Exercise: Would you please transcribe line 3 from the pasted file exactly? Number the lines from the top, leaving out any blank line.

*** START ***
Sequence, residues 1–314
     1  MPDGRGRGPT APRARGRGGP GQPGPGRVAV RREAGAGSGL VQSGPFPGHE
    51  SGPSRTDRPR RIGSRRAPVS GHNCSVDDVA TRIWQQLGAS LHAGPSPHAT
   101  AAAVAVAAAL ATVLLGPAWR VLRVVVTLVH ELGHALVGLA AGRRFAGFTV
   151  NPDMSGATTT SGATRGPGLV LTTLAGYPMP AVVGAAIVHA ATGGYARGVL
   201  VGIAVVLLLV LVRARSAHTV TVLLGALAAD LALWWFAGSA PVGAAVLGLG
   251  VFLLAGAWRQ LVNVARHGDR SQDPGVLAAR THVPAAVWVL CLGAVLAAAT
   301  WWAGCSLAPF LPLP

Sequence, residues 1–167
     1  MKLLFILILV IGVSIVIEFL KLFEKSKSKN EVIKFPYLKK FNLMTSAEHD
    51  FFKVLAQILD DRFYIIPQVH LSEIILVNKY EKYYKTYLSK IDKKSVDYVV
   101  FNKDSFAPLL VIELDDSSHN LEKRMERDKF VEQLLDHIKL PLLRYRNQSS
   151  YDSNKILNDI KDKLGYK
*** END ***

    51  SGPSRTDRPR RIGSRRAPVS GHNCSVDDVA TRIWQQLGAS LHAGPSPHAT